Vintage Vault: 1967 Hagström F-300
A Swedish gem that's still got tons of rock ’n’ roll swagger—and a lot of switches!
Well, you gotta have that one guitar in your collection that’s a little—or a lot—left of center to get that sound standard-model 6-strings won’t give you. Right? You can always count on getting classic tones from your Tele, Strat, Les Paul, SG, or whatever in the solidbody category, but you also need that oddball to give your palette something different. Or at least I do. So the minute this beautiful 1967 Hagström F-300, which was sold in Europe under the Hagström III name, came into the shop, I started to jones for it.
There’s a cool backstory to this model. In 1963, Ben Davis, the owner of the London-based Selmer company, which distributed Hagströms in the U.K., wanted an update on the company’s Futurama model to stimulate sales. The result was the offset-bodied Futurama Coronado Automatic, which looked something like a Fender Jazzmaster. Only 200 were built, but they seemed to trigger a new-guitar wave at Hagström: Along came the Automatic, the two-pickup Hagström II, and, then, our F-300. As you might guess—or cheat by looking at the photos—the F-300 was a three-pickup model with a clear debt to the Fender Stratocaster, including a whammy bar … typically of questionable usefulness.
Here’s a look at the external controls for this guitar’s electronics. There’s an overall on/off—an effective killswitch—on the upper bout, and six switches and a master volume in the guitar’s belly, just above the input jack.
The Hagström F-300 started shipping in 1965. The bulk of this model’s production was from its inauguration to 1967, although records indicate that limited manufacturing and shipping continued until at least 1972. The example we’re eyeballing has a tobacco sunburst finish and arrived at the shop with the original chipboard case, with a tiger-print plush lining that really made the guitar pop when we first opened the case. The gent who owned the guitar was its original owner, and he looked the part, strolling into the store with blue-black dyed hair and an early ’70s Stones/Faces rooster cut, wearing straight-legged jeans and Beatle boots. So this F-300 is kind of like a dog that resembles its owner. Both have a similar rock ’n’ roll swagger—although with its biting single-coil pickups, fans of Hound Dog Taylor’s raw blues would also be happy hugging this Hagström.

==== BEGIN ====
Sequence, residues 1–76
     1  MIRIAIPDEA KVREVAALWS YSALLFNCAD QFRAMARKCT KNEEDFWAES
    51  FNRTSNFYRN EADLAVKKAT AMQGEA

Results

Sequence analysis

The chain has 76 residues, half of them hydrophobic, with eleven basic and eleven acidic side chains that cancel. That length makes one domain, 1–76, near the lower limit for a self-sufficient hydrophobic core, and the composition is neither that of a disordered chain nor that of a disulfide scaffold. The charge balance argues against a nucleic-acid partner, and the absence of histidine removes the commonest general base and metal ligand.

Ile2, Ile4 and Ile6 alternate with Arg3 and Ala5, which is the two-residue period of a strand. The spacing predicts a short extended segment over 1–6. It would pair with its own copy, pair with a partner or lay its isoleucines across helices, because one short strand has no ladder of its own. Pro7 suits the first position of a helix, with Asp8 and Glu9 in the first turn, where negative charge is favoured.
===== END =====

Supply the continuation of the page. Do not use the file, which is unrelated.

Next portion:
This guitar sports the key Hagström appointments of its era, and a little more. There’s the company’s H-Expander truss rod, which allows for comfortably low action. The birch body has a 3-bolt neck joint, and that neck’s got a comfortable rosewood fretboard with dot inlays. Although the headstock screams “Fender,” the body’s pointy double wings acknowledge the design of the Hagström II and, of course, the Gibson SG. And then things get happily weird. The guitar has multiple switches, which affect the pickups, along its lower belly. There is a master volume dial with the six switches. The first three are on/off switches for each pickup, which allows for more combinations than the standard Fender-style 5-way switch. Despite that, they are labeled L, M, and H, for low, middle, and high. The next three are, respectively, a tone switch that rolls off highs, a mute switch that acts like a pad, and another tone button that performs like a high-pass filter. So finding the variety of tones this guitar can produce takes some practice to extract. Or maybe not: I didn’t notice much difference with these switches engaged or disengaged. Maybe more experimentation with blending different pickups and switch-button positions would yield more noticeable results? I dunno. According to the 1968 Hagström catalog, the original retail price for this guitar was $125. Today’s asking price for this guitar, which is in excellent condition, is $1,099.
Like the guitar’s body shape and pickup configuration, this headstock signifies the influence of Fender’s Stratocaster. Is there some irony in that patent number beneath the company’s logo?
Oh, and about those Hagström pickups. They’re known for a hot, punchy sound, with clear and snarling highs, and these live up to that reputation. A surprising bonus is that this particular vibrato arm does a decent job of staying in tune with subtle use. Inspired by artists who’ve played this model, including David Bowie, Andy Partridge of XTC, and even Neil Young, I’m still thinking about this one.